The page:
U.S. actions in Central Asia spell ‘blowback’
Many of the ingredients necessary for Islamic radicalism exist in Central Asia — especially U.S. support for repressive regimes.
Kazakhstan, a former Soviet Republic in Central Asia and the world’s ninth-largest country, is oil-rich and pro-American, has an increasingly repressive government awash in corruption and a 47 percent Moslem population. Those are many of the conditions that have allowed radical Islam to take root in the Middle East.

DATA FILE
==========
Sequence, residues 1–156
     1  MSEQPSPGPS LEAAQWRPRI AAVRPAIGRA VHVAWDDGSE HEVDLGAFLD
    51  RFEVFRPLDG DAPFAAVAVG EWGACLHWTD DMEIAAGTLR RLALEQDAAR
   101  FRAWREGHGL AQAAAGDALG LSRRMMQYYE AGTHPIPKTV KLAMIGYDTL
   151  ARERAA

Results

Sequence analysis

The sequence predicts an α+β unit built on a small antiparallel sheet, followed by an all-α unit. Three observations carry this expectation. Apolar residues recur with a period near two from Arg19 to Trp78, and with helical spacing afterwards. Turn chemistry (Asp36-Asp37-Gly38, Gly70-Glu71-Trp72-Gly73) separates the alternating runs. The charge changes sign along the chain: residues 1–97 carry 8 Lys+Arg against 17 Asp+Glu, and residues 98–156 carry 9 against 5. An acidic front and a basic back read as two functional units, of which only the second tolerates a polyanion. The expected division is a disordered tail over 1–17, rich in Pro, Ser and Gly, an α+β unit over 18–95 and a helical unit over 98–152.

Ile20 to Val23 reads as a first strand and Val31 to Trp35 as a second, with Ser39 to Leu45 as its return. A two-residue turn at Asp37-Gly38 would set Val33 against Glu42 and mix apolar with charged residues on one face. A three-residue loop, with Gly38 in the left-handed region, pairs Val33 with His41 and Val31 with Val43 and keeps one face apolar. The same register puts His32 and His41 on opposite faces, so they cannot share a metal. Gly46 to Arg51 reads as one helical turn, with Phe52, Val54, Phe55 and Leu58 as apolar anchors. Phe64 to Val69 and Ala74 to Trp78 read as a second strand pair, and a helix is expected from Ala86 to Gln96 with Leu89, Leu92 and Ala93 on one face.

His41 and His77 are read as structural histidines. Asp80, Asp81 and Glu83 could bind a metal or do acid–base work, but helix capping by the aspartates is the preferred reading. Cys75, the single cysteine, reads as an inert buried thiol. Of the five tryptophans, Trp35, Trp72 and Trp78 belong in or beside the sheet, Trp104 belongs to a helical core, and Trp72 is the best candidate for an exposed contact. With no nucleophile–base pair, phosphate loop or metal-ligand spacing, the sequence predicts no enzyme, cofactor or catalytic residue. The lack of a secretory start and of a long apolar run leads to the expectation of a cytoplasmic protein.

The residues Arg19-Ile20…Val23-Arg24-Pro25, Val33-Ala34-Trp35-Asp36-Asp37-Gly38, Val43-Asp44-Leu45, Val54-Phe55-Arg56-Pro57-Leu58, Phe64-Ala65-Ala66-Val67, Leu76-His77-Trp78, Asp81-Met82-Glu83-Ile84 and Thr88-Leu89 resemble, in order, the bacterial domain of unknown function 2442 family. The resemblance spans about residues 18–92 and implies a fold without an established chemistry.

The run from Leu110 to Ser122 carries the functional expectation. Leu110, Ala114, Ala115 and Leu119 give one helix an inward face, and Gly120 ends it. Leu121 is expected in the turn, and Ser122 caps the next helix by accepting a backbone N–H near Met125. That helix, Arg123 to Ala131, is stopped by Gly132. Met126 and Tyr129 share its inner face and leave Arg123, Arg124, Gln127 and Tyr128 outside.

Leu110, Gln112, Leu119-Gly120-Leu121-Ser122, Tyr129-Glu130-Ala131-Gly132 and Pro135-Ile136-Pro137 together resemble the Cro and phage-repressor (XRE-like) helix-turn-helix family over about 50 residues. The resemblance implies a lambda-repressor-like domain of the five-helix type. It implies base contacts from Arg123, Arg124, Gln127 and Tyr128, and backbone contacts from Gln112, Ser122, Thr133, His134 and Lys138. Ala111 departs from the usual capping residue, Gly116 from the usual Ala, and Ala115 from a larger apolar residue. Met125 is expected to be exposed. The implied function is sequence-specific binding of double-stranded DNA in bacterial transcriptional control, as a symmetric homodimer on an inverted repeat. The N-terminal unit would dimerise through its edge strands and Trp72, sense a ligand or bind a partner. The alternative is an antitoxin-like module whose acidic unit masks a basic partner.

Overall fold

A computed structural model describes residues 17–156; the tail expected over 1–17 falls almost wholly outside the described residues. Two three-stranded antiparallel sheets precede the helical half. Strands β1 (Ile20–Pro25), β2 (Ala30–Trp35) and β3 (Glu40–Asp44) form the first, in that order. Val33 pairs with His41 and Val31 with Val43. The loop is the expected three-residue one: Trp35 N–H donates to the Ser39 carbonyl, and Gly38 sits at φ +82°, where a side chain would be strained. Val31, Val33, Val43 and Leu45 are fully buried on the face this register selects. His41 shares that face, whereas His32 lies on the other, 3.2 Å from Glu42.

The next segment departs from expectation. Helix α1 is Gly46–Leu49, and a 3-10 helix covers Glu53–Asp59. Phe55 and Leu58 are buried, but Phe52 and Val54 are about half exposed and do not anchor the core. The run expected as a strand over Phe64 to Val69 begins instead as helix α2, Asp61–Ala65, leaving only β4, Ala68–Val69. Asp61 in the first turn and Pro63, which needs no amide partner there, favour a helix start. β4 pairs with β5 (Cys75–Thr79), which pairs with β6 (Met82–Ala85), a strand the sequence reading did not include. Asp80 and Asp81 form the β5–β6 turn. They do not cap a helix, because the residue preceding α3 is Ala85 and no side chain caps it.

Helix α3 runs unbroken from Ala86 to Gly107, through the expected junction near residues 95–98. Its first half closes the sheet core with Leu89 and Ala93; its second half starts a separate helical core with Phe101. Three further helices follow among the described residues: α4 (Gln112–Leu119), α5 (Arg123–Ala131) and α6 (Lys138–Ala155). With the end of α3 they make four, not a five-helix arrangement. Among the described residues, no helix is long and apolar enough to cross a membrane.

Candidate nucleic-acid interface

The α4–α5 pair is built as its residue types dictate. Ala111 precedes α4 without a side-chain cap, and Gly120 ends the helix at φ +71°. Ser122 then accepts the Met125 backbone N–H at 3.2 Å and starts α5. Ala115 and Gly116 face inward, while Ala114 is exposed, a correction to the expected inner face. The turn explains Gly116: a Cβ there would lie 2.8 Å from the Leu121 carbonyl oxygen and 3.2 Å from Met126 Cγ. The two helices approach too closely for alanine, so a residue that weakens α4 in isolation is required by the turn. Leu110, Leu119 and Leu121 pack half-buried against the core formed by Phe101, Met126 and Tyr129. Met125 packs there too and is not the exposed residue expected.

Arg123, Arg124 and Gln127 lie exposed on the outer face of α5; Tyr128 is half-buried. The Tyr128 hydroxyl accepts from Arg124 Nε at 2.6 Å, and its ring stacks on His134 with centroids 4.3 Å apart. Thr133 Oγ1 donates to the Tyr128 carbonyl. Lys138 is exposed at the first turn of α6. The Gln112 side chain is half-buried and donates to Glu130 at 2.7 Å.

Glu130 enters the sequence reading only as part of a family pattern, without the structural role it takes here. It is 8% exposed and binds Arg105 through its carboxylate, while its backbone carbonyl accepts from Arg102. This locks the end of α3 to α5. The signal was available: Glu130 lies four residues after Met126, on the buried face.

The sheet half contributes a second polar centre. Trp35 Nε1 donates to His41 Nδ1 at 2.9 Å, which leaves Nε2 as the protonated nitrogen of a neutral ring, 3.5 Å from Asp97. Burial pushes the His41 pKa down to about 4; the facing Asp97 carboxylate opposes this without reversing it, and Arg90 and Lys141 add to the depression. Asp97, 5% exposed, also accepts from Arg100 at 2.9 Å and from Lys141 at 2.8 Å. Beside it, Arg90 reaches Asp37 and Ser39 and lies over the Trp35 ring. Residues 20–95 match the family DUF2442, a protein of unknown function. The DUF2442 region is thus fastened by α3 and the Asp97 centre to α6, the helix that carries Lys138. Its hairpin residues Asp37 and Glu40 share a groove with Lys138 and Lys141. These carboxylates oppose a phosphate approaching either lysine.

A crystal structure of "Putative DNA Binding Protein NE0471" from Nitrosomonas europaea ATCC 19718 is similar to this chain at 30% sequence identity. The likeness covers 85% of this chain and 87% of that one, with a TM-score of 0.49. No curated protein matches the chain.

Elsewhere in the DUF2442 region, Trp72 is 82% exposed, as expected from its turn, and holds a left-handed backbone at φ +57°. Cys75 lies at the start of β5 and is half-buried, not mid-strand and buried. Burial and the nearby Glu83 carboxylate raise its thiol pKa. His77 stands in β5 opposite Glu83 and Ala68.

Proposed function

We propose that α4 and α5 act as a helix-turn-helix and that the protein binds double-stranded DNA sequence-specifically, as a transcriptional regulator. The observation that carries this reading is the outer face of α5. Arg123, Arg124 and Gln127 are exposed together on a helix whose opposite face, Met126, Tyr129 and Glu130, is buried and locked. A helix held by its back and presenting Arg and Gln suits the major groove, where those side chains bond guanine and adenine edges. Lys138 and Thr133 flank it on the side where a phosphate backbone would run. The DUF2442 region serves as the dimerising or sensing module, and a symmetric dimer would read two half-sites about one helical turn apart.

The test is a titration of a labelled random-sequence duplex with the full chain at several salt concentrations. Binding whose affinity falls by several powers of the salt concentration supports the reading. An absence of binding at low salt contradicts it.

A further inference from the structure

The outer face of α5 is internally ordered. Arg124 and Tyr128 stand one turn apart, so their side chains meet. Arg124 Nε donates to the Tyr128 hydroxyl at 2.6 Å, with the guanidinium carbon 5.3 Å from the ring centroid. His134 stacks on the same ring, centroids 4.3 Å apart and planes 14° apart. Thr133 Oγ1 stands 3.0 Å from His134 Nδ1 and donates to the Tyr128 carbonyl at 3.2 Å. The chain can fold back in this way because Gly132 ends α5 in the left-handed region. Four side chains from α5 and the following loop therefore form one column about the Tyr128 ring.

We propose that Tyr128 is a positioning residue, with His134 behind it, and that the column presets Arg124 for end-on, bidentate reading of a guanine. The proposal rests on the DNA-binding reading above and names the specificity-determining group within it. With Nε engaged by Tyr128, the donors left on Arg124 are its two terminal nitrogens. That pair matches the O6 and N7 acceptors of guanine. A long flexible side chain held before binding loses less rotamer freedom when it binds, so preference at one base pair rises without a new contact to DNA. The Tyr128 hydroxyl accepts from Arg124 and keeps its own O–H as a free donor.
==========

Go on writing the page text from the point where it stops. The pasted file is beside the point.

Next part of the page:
The Bush administration, by appeasing Kazakhstan for its oil and accommodation of U.S. troops, risks contributing to the creation of a new Iraq or Afghanistan on a giant scale.
This is just the beginning of a plausible Central Asian nightmare scenario. Numerous other former Soviet republics, including Azerbaijan, Turkmenistan, Uzbekistan and Kyrkyzstan, are similarly ripe for Islamic radicalization in a region that stretches from Europe to China.